I’ll leave aside – for now – his misogyny, racial prejudice, egotism, and contempt for democracy and the rule of law. I will even cast my eye away from Michael Gove’s fawning interview in the Times at the beginning of last week (one of the lousiest bits of journalism I’ve ever read), and the horrific inauguration speech at its end. Instead I’ll look at a place just 90 miles off the American coast, which has been overlooked amid the turmoil of Donald Trump’s election and where – believe it or not – one part of Obama’s legacy may be burnished, not dismantled.
Trump has promised to cancel every “executive action, memorandum and order issued by President Obama”. On healthcare, climate change, and relations with Russia the question is not whether Trump will shift away from Obama’s positions, but how far and how fast.
Cuba is one of the few policy areas where Trump could go either way. Donald Trump’s ghoulish tweet announcing “Fidel Castro is dead!” just a few hours after the Cuba leader had died last November might indicate that his attitude to Cuba will be like his attitude to just about everything else: insensitive, narcissistic and goading. But in fact, the ongoing thaw in US-Cuba relations is one Obama initiative that Trump may support.
More than fifty years after the missile crisis, the US-Cuba thaw began in late 2014, when Obama eased travel and business restrictions and announced that the US embassy in Havana would reopen. In 2015 Cuba was removed from the US’s list of State Sponsors of Terrorism (a decision that the Republican congress did nothing to reverse), and Obama used his executive powers to allow several US companies to operate in Cuba: six telecoms, four cruise lines, one hotel chain, eight airlines and two small banks. In March 2016 Obama became the first US president to visit Cuba since 1928, and in November the first New York-Havana flight since the 1960s took off, just three days after Fidel Castro’s death – one of the best serendipities of 21st-century history thus far.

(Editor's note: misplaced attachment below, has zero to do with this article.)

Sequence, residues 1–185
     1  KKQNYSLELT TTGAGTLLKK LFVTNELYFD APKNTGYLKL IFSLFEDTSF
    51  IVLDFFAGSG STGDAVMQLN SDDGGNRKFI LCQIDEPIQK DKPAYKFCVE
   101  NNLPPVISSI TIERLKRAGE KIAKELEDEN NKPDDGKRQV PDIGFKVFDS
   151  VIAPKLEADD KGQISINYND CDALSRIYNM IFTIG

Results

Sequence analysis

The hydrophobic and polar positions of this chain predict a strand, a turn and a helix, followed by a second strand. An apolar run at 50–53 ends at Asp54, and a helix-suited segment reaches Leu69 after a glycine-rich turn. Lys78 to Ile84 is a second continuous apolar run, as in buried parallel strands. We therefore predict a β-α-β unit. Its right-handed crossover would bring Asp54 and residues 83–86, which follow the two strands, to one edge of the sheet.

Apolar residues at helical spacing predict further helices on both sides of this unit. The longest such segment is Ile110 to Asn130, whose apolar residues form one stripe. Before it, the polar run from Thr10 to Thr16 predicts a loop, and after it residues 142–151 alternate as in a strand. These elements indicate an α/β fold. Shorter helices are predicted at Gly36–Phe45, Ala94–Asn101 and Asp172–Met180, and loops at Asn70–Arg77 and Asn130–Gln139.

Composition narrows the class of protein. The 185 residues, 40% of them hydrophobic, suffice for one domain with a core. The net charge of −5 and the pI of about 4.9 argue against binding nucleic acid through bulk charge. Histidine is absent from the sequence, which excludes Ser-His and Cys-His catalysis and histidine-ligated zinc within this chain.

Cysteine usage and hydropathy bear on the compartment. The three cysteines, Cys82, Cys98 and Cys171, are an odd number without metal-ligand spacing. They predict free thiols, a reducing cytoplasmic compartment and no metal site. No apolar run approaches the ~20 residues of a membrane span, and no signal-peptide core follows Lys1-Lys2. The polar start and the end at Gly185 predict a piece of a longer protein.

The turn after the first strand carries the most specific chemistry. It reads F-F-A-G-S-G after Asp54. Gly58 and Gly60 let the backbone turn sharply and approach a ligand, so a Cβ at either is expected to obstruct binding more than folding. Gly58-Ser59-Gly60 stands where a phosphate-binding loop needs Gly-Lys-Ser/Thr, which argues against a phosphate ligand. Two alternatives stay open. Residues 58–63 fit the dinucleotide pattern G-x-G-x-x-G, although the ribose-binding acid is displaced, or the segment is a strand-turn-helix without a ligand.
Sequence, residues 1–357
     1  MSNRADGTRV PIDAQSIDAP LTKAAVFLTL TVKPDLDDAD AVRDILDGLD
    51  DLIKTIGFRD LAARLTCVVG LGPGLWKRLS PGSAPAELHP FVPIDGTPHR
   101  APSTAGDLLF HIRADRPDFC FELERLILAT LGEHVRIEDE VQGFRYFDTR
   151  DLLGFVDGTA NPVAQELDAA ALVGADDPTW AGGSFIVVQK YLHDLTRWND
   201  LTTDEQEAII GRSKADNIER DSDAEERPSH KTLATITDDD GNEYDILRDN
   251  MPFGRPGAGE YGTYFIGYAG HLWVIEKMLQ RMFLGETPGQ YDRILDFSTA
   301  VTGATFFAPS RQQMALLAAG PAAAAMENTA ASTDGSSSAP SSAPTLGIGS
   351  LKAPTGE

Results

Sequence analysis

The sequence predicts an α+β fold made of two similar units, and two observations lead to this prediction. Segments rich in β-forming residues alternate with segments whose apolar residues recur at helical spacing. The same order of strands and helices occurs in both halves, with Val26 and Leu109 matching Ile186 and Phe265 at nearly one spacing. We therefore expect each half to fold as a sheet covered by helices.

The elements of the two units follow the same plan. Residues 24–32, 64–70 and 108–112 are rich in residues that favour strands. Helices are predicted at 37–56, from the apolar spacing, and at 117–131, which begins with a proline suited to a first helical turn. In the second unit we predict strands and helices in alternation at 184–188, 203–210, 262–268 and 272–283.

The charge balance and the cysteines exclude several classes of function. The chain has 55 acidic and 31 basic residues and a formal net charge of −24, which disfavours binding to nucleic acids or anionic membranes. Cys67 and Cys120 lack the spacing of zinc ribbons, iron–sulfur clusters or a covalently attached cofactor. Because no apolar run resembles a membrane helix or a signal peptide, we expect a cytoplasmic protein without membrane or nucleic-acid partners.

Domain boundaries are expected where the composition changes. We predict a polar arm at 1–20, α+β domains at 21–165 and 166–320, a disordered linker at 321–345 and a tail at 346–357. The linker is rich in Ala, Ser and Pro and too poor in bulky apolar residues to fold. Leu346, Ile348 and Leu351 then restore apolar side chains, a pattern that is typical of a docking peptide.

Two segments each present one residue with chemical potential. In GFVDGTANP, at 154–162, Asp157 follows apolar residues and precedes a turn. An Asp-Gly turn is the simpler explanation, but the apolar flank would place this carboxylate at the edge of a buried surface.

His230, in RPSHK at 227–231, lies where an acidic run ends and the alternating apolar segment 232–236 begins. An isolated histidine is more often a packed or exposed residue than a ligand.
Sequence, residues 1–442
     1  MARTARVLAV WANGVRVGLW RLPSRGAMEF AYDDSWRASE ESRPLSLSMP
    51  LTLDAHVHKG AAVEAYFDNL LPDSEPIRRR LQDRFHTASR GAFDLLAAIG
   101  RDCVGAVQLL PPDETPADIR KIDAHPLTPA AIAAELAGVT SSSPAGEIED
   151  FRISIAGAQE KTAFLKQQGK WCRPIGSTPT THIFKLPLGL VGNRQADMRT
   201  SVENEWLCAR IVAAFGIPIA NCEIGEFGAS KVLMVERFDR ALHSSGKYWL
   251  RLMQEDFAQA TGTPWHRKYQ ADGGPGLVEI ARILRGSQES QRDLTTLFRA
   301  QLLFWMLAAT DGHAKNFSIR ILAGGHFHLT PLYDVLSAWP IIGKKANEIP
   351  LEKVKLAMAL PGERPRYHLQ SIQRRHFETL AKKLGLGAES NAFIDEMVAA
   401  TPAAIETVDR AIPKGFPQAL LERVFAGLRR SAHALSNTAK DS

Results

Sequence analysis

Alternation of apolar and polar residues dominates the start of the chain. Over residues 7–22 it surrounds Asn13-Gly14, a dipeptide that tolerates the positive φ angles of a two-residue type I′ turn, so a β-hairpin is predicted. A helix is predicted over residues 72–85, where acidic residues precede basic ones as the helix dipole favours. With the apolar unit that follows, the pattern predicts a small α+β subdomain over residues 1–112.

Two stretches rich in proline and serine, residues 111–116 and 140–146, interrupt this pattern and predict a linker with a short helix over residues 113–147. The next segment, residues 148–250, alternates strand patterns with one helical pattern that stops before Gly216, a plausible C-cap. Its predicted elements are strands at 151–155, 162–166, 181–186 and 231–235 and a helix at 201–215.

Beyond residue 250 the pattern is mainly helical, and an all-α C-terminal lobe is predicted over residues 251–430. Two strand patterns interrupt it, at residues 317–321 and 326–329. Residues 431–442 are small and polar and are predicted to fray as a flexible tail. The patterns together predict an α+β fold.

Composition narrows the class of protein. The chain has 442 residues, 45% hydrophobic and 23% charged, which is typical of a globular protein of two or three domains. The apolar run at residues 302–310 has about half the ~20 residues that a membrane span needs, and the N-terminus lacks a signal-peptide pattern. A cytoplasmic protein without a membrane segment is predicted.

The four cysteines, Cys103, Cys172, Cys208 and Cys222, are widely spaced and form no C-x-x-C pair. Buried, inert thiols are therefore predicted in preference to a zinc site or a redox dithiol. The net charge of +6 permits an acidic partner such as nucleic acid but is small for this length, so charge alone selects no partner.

In mid-December Google signed a deal with the Cuban government to speed up internet access. On the eve of Trump’s inauguration, the first legal Cuban export to the US for more than 50 years arrived: 40 tons of charcoal produced in Cuban cooperative farms. And only last week Obama announced an end to the “wet foot dry foot” policy – whereby most Cubans who turn up on American soil, or at any American embassy abroad, are given American citizenship within a year, no questions asked. The policy has caused a brain drain of tens of thousands of doctors and other professionals fleeing Cuba, and its end will be welcomed in Havana.